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Can Jesus Christ be a Resource for Queer Masculinities?

Rob Day-Walker

By Rob Day-Walker
Rob Day-Walker is a 27-year-old English Major, lay theologian, and disabled gay man currently living in Winnipeg, Canada. He loves Battlestar Galactica, learning about radical social analysis, and singing about Jesus. When he grows up, he wants to be a good writer, a Christian clergyperson, and a happy member of a polyamorous family. He's learned one thing in particular from the submission process for this anthology: when all else fails, read the directions.

I’ve stayed in the Christian tradition because the Jesus of the Religious Right is not the one that I experienced when I was five years old, nor the Jesus found in the pages of the Bible. Therefore, I write what follows in the service of communities I know and love: those who follow Jesus (especially if they disagree with me about queer sexualities), and queer men of every description. Some of us queers, I find, wish that we could find a way to cut through the Church’s bullshit, longing to find some solace in a Christ who really is “good news” for us. We are tired of being hit over the head by a heterosexual, heterosexist, pro- (“traditional”) family Christ (and His misogynistic, abusive Father) whom certain kinds of Christians portray as “saviour”—well, as long as we look like them.

A close reading of the canonical Gospels shows, in contrast, that Jesus said absolutely nothing about homosexual sex between men; was decidedly disinterested in patriarchal marriage; asserted the necessity of faithfulness in marriage for both men and women; and de-emphasized “blood family” to a shocking degree for his culture and time period. The Gospels of Matthew, Mark, Luke, and John are “theological biographies” that contain the historical witness to the life and teachings of Jesus. Some Jesus scholars believe these documents contain very little “history”; instead, they tell us quite a lot more about what early Christians thought of Jesus. In contrast, others believe that the authors knew the importance of truthfully recording history (albeit with a “believing” bias). In other words, some scholars say that the writers made up stories because they had a particular theology; others say that the happenings reported in the Gospels are the concrete historical basis for the theology that developed in early Christian communities. [1] I fit into the latter category.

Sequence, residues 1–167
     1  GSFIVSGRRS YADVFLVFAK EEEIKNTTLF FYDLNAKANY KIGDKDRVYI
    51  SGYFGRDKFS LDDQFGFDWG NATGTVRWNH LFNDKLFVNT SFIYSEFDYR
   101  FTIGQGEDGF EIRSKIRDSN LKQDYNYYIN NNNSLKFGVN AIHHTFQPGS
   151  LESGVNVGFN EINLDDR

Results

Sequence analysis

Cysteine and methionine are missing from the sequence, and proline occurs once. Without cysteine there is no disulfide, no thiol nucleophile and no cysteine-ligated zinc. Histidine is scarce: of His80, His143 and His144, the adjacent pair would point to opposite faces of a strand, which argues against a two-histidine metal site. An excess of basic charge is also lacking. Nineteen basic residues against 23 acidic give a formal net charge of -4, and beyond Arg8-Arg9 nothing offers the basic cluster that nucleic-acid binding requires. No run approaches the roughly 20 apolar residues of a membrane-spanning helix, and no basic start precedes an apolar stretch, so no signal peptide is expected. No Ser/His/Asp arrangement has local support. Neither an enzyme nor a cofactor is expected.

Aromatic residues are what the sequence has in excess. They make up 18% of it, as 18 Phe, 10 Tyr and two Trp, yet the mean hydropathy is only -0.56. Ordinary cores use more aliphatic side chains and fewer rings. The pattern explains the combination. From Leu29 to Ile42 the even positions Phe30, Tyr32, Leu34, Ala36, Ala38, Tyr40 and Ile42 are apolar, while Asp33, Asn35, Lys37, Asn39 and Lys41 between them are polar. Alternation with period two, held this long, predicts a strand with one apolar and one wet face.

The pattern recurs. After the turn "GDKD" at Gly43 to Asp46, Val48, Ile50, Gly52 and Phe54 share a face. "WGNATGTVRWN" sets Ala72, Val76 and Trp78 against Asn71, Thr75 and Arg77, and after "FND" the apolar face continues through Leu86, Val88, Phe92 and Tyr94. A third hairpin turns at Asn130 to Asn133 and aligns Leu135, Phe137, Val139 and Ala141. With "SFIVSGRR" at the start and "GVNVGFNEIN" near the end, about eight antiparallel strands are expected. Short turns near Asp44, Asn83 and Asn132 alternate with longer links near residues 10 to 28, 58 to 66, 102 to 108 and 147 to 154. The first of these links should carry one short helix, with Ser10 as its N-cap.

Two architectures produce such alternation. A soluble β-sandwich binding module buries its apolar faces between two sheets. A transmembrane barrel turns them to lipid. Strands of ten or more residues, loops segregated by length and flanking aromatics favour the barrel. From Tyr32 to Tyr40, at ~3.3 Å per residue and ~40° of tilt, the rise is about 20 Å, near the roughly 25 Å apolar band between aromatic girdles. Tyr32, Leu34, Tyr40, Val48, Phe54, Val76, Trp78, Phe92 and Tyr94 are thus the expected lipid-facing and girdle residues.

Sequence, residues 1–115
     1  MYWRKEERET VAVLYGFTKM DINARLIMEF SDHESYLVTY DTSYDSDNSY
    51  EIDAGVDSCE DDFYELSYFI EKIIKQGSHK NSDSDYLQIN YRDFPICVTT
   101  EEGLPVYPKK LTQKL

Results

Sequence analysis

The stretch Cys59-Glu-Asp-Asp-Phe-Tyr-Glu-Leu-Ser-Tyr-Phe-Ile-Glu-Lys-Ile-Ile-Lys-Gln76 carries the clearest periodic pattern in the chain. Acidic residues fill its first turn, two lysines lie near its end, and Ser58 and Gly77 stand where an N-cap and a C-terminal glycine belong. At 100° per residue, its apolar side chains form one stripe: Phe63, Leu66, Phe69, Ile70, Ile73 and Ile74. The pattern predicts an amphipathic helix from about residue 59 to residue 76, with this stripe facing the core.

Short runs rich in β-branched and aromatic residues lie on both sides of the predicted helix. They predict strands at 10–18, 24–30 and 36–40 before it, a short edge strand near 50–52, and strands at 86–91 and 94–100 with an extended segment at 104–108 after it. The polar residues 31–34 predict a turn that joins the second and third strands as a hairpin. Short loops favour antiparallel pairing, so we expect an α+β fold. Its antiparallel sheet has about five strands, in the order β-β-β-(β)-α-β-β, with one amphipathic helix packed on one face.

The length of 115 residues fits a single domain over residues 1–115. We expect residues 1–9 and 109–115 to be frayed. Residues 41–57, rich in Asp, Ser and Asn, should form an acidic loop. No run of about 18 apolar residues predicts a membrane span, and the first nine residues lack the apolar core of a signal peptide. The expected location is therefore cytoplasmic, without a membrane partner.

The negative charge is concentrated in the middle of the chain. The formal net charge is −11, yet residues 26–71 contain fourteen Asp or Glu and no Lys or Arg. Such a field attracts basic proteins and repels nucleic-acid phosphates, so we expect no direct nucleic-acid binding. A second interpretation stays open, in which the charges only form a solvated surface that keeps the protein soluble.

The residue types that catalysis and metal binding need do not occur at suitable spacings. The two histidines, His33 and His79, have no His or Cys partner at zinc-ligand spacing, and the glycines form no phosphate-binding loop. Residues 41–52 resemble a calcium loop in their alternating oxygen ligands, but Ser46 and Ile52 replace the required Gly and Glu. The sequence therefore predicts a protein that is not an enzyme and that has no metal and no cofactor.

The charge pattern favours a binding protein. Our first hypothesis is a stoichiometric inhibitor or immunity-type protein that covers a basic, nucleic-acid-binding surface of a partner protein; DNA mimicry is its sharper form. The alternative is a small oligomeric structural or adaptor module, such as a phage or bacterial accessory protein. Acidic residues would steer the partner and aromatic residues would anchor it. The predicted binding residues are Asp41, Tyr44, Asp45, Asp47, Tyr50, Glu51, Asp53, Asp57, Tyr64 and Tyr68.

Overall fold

Granting this assumption, I will use material drawn from the Gospels to suggest ways in which Jesus can become a resource for queer masculinities. My reading critiques many aspects of queer masculinities or queer male communities; a queer Jesus still challenges all who love justice and peace— especially those who name the name of Christ—to live in a way that actually reflects what we say. “The personal is political,” – so the feminists tell us – and in a culture where personal faith in Jesus supposedly props up a great deal of political activism on both the right and left, that is all the justification I need for my investigation.

I can’t make the entire Christian tradition safe for queer men. A project that ambitious would take several volumes and even then isn’t guaranteed success. I can only sketch an outline of Christ as a friend to queer men – someone capable, with our help, of undoing the damage of Christian theological heritage from the inside. With this modest goal, perhaps others more capable than I can join the continuing project of “befriending the text,” reading it from their own experiences of queerness to see if it can express “good news” for our queer lives. When quoting the gospels, I use the New Revised Standard Version, which employs inclusive language when referring to humanity and reflects a mainstream (rather than right-wing Evangelical) method of translation.


Jesus and Women

Luke 10:38-42 (New Revised Standard Version)
38 Now as they went on their way, he entered a certain village, where a woman named Martha welcomed him into her home. 39 She had a sister named Mary, who sat at the Lord's feet and listened to what he was saying. 40 But Martha was distracted by her many tasks; so she came to him and asked, "Lord, do you not care that my sister has left me to do all the work by myself? Tell her then to help me." 41 But the Lord answered her, "Martha, Martha, you are worried and distracted by many things; 42 there is need of only one thing [or few things are necessary, or only one]. Mary has chosen the better part, which will not be taken away from her." [Brackets indicate an alternate reading found in the margin of the NRSV text.]